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JONABLE CRITICISM,” is, in general, equally abhorrent from the principles of every upright man ;-and, distinguished as are some of the masterly and eloquent articles in the Quarterly Review, as far as poetry and works of taste are concerned, the writers have at least evinced their sincerity in one respect, that is, to have “NO PRINCIPLES” at all! either in poetry or criticism.

Having thus replied to what appears most essential in the criticism of the Quarterly, I would willingly part with my Reviewer; but a few words more may be added on his concluding observations respecting the poetical character of him whose life and writings have caused these animadversions.

It is said, “ In vain would our populace of poets estrange themselves from Pope, because

“ He stoop'd to truth, and moralized his song.", Answer. Where he stoop'd to truth, and moralized his song, his province is no longer that of imagination and PASSION ; it is, and it must be,“ truth and morals," and not“ imagination and passion," the highest sources of the terrible, sublime, pathetic, and beautiful in poetry. But who, “ among the populace of poets,” would · 09trange” themselves from POPE I know not. He has attained an

” unquestioned, an unrivalled place, in his own line of poetry, from which I should pity any one who could wish or attempt to remove him. His excellence in his art is unrivalled, and I, for one, have admitted that he stands before every poet in his line of art, ancient or modern.

Is Horace no great poet? Is Juvenal no great poet? Are OVD, TIBULLUS, CATULLUS, no great poets? I have already said, and I must repeat, his Eloisa stands as much above the elegies of CATULLUS, TIBULLUS, and Ovid), as his satires are above those of JUVENAL and Horace. Will the reader believe I have said this distinctly and unreservedly before?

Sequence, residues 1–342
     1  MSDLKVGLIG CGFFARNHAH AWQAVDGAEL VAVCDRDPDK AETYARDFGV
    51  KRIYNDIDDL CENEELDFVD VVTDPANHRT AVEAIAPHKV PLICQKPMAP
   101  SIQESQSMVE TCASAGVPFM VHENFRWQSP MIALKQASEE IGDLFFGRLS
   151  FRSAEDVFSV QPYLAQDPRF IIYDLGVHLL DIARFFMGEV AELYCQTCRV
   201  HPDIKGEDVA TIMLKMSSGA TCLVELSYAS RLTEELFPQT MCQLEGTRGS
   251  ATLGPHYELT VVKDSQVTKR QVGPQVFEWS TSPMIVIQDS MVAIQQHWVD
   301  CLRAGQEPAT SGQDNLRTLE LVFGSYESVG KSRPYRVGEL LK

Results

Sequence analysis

If, in looking over what is remarked specifically of the Satires, I have dwelt too much on his bitter tone of personal invective, it was not for want of feeling his beauties that I did not say more, but because I thought, on these points, it was excellence that all admitted. I have endeavoured to show upon what principles his line of poetry could not be pronounced the most excellent, whilst HOMER and SAAKSPEARE, and SOPHOCLES, and EURIPIDES, live; and to prevent that confusion which often arises when we pronounce that this poet, or that painter, is at the head of his art ! But, I should think that not only the “populace of poets,” but all who have any discriminating sense and taste; who, whilst they know what distinguishes MILTON and DANTE, know also what distinguishes Pope; who read him, and recur to him, as much as they do who think he is "disparaged,” have admitted, and cheerfully admit, that he carried his art

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to the highest point of excellence, as far as his own excellence, in his own line, was concerned ; that all who went before, in ibis line, never reached, and all who come after probably never will reach, this excellence; that he will still remain unrivalled for the correctness and delicacy of his taste, as well as the vigor of his judgment;" that in “poetical expression” and versification, (with some abatements in the latter,) he will be superior, as long as poetical expression and exquisite versification distinguish his species of excellence; but that, nevertheless, “nature," not manners-passics and imagination, not “truth” or morals—will afford the highest specimens of the works of a great poet, provided the execution equals the subject, in spite of Quarterly Reviewers and all the FAMILY of GILCHRISTS, or D'ISRAELIS, in the world!

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END OF NO XL.

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